Epilogue: Erskine Bowles
by Dr. Hamid Zangeneh, Professor of Economics at Widener University
Erskine Bowles spoke with wit, humor, and the steadfast belief that the United States economy is suffering, not from sluggish growth, but from high debt/deficit that, quoting former Joint Chiefs of Staff Chairman Admiral Mike Mullen, "is the single biggest threat to our national security." Bowles suggested that if we do not follow a different course, we can expect a very dire future, unlike any other financial calamity before.
Bowles, as one would expect, put most of the blame on the rising cost of entitlements. He made the case by dividing the current situation into five categories: cost of healthcare, defense spending, inefficient tax code, Social Security, and compound interest on debt. He suggested that we can neither cut our way to prosperity nor can grow the economy fast and large enough to balanced budget and lower the debt/gross domestic product ratio. We need to attack the problem by undertaking a grand and multifaceted scheme.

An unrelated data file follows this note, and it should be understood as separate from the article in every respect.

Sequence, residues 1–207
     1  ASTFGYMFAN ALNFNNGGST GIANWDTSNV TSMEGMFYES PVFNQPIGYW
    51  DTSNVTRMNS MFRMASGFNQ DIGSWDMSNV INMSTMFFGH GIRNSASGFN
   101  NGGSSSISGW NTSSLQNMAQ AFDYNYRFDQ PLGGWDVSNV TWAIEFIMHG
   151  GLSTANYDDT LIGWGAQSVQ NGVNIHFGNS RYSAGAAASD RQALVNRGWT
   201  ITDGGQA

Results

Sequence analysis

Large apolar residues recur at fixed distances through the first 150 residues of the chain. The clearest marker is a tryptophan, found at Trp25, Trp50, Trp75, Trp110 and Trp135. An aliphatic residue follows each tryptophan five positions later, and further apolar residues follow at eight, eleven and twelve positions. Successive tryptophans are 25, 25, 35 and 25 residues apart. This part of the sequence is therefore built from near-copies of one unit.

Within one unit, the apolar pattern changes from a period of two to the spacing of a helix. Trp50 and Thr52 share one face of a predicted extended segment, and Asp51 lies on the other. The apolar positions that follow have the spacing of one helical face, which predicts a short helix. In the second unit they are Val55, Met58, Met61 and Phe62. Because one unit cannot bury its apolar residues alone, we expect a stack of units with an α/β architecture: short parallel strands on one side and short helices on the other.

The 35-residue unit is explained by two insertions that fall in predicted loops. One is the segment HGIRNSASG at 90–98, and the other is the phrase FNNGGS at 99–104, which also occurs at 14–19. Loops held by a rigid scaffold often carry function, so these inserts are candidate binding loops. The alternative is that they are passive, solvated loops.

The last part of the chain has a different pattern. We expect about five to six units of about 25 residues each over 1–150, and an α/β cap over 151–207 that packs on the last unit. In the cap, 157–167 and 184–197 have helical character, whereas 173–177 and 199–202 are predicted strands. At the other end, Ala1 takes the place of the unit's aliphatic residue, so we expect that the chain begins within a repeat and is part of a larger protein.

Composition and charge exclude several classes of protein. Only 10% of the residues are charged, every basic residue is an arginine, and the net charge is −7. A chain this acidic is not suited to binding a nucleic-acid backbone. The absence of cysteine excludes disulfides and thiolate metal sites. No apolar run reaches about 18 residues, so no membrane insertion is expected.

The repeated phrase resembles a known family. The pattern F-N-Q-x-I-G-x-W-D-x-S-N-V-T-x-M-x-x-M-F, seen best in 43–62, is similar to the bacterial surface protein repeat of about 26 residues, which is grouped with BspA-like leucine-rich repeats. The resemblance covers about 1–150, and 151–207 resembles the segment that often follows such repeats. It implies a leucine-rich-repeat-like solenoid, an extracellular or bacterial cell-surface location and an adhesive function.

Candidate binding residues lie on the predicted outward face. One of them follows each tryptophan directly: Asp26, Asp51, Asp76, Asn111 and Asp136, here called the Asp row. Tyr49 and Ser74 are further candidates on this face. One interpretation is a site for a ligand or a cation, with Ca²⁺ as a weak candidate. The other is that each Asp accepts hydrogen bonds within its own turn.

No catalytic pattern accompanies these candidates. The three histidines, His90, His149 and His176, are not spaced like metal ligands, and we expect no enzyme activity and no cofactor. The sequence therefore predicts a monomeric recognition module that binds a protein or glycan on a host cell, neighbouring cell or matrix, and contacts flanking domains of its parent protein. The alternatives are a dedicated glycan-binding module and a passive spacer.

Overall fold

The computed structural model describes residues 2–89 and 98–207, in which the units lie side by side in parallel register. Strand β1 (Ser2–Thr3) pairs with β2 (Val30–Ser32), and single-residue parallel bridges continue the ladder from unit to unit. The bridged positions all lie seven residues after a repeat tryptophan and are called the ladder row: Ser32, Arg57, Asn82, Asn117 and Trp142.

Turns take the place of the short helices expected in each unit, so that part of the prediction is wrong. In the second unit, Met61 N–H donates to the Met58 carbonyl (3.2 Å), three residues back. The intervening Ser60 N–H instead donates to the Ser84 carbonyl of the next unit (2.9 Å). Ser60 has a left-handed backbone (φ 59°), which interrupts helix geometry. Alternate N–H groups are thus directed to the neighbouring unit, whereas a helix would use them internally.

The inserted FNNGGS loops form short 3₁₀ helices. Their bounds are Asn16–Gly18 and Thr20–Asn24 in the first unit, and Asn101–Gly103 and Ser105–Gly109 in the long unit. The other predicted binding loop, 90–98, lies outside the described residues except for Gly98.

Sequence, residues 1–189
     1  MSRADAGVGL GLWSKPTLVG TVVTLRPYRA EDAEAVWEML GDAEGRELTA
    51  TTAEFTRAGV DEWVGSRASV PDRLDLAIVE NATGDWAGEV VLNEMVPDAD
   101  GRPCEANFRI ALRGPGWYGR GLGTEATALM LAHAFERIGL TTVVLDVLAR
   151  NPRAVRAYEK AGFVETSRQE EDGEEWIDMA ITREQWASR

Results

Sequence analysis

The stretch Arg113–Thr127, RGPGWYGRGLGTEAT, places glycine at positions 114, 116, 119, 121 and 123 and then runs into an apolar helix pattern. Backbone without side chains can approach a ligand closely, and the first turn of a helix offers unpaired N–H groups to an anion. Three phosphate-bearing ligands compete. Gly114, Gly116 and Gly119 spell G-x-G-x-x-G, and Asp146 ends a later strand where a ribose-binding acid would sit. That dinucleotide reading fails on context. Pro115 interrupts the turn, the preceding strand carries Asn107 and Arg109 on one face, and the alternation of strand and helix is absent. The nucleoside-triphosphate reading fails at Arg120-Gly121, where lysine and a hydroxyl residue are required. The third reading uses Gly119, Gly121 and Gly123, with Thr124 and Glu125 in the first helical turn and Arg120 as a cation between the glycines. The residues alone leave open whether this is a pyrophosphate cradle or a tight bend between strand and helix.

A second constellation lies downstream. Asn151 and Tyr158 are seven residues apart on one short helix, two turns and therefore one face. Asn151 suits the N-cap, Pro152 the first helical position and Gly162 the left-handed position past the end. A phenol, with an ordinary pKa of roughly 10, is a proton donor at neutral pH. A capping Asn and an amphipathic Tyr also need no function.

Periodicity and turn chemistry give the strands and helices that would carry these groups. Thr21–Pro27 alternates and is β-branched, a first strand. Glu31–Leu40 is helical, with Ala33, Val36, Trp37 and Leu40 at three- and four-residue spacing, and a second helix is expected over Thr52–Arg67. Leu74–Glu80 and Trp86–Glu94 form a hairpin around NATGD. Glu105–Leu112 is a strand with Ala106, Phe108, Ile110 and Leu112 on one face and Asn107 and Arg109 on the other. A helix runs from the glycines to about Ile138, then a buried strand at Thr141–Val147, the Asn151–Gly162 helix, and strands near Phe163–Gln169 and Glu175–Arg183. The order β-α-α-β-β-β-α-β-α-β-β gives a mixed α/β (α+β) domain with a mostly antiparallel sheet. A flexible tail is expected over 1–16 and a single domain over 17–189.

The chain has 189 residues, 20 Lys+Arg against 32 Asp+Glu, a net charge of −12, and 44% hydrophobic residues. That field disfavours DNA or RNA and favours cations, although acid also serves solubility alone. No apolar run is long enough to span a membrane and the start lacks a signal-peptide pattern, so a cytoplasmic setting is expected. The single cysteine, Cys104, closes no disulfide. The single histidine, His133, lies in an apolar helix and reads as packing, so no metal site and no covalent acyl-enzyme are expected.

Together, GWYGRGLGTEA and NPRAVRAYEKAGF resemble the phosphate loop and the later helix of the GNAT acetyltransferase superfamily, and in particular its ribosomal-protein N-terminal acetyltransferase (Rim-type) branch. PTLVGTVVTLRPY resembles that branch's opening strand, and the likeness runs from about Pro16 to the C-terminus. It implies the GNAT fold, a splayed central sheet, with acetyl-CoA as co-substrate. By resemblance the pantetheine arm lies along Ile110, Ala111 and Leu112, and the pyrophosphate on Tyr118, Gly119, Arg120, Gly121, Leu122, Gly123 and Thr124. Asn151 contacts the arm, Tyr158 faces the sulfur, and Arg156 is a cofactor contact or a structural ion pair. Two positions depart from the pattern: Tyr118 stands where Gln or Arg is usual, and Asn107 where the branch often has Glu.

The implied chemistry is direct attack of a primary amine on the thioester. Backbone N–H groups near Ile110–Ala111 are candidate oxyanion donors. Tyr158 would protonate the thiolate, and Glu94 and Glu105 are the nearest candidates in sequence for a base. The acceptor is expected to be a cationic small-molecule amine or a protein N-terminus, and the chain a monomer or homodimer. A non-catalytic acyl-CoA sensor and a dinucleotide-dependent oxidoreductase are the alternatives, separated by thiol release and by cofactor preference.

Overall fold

Before he engaged the audience with what he called the new Simpson-Bowles plan, he labeled the coming sequestration as dumb and mindless cuts in expenditures. Sequestration is not smart, he repeated, it is dumb. We need to be smart and plan smart cuts that will not hurt the economy.
Bowles suggested that the new Simpson-Bowles plan would reduce the debt to gross domestic product ratio to 70 percent, reform the tax code, reduce the inflation in health care costs, and make Social Security solvent for the long run. He insisted that whatever we do must be phased in over years to avoid a real shock to the economy, must not hurt the poor, must bend the health care cost curve, and overhaul the tax code.
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